Sun, Oct 18, 2009 : 12:07 p.m.

I agree with B. Corman, well said.

Cartman's Conscious

Sun, Oct 18, 2009 : 12:04 p.m.

Quick! Wipe the server and then start using clandestine meetings in smoke filled backrooms.

Marvin Face

Sun, Oct 18, 2009 : 11:14 a.m.

I'm pretty much outraged at this unbelievable waste of taxpayer money so that these folks can get their jollies at reading some silly emails. I imagine that these same folks voraciously read the latest breathless tell-all novels out there that dig up all the dirt on Hollywood B-list celebs.. What these folks don't understand is that they are forcing more of the discussion behind closed doors and out of public view. Council (and others) will increasingly have their conversations in private, arrange votes in private, and they will make darn sure that nothing of substance is emailed or stored electronically.. I am fine with all this. I don't want or need to see how the sausage is made. I just know that there are people out there that need to know EVERYTHING and that while they might get to read some emails now, they will have less and less to see in the future.. Seems pretty selfish to me.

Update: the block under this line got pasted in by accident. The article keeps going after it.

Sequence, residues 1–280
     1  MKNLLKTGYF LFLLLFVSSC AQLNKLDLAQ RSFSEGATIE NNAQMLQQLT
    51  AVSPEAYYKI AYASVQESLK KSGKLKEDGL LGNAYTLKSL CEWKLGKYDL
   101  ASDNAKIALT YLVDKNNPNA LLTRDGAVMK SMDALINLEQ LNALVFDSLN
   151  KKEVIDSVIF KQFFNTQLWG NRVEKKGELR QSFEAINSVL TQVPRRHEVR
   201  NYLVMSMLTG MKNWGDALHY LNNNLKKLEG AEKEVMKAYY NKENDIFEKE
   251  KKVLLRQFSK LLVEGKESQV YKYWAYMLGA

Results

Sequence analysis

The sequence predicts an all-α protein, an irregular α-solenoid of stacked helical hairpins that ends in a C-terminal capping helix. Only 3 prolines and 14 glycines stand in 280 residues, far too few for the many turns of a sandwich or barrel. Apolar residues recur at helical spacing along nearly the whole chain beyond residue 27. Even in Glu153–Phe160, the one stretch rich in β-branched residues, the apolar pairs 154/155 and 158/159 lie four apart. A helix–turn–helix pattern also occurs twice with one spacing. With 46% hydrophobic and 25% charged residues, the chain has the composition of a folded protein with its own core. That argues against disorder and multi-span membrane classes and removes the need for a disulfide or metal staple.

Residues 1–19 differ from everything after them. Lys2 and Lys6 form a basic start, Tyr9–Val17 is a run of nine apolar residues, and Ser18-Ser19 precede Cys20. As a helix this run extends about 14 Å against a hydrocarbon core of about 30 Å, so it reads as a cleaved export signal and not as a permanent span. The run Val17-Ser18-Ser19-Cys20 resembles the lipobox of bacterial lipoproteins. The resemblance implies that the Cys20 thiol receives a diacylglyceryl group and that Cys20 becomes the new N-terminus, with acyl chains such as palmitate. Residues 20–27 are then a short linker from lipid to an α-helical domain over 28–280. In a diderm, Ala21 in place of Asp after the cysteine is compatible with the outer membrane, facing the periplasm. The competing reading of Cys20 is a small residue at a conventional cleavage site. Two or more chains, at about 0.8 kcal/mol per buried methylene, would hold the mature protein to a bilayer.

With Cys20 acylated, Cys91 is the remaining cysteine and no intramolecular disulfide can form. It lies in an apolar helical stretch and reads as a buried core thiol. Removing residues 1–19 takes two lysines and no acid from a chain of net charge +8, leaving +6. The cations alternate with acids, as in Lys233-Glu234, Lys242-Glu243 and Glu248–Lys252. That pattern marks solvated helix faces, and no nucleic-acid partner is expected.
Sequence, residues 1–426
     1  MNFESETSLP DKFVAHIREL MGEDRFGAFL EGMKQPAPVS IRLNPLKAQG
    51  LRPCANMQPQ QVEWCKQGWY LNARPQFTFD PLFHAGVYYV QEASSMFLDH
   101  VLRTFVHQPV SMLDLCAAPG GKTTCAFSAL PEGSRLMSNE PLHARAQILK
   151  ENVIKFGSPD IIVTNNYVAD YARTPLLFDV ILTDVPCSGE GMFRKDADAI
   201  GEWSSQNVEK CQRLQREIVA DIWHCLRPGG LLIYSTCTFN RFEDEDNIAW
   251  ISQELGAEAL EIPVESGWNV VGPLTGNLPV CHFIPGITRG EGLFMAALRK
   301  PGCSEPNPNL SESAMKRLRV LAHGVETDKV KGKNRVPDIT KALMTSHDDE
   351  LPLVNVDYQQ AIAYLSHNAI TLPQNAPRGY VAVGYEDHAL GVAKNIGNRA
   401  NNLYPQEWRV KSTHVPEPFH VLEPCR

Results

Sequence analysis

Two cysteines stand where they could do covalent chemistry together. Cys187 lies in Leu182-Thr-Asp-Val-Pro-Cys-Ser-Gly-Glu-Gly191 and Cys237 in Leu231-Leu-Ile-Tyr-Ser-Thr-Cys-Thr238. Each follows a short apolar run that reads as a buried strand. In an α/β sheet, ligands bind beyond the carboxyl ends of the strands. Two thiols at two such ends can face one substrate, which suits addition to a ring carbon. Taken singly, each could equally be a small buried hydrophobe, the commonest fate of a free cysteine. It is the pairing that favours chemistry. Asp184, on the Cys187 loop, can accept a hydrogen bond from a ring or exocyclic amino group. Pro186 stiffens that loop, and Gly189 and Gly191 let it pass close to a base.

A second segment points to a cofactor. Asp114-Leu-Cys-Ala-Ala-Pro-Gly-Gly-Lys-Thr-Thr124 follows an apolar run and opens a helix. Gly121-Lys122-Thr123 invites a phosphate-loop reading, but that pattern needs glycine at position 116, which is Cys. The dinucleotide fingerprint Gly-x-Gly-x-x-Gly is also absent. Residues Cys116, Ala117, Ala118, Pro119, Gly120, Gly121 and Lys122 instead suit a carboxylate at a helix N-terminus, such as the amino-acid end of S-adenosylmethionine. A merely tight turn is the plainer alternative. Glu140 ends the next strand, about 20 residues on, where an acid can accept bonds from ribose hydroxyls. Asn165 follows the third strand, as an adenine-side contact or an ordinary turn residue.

Sun, Oct 18, 2009 : 11:10 a.m.

I second what B. Corman writes about the email issues. I am not so upset about Ann writing about it, though. We should make each council person keep a thought log on each of the issues that are before them. They would go something like this. Monday 8-13 I will vote for the issue. Tuesday 8-14, met with constituents, will vote against the issue. Wednesday, 8-15, talked to my Doctor, will vote for the issue again, blah, blah, blah. It used to be that smoke filled rooms, Larcom building hallways, elevators, and offices were where our elected representatives talked about issues before them on their way to the final vote. Now they have used email and their thoughts to each other are part of the public record and their discussions will be unearthed, even if it breaks the city budget. Memo to all council members, be sure to destroy all post-its and note pads before leaving the council chambers (you may have to eat them). They could be used against you by the PC FOIA watchers who have nothing else to do in their lives but uncover the deep council conspiracies and un-PC leanings of the members.

Vivienne Armentrout

Sun, Oct 18, 2009 : 9:30 a.m.

It's too bad that council didn't pass the Anglin-Briere resolution. It called for an orderly rollout of this material. Ultimately the cost of this approach will probably be higher.

B. Corman

Sun, Oct 18, 2009 : 9:28 a.m.